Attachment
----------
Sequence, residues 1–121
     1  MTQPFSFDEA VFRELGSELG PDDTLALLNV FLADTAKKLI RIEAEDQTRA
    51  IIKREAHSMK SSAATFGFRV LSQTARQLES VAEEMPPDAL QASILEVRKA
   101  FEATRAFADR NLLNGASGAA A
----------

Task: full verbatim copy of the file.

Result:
Sequence, residues 1–121
     1  MTQPFSFDEA VFRELGSELG PDDTLALLNV FLADTAKKLI RIEAEDQTRA
    51  IIKREAHSMK SSAATFGFRV LSQTARQLES VAEEMPPDAL QASILEVRKA
   101  FEATRAFADR NLLNGASGAA A